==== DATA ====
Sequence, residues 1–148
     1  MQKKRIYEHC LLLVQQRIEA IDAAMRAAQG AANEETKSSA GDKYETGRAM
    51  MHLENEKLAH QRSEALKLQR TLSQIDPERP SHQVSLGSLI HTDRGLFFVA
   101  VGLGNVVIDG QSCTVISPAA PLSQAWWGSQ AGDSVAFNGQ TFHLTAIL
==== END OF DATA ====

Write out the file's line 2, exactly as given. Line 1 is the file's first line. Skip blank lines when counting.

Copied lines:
     1  MQKKRIYEHC LLLVQQRIEA IDAAMRAAQG AANEETKSSA GDKYETGRAM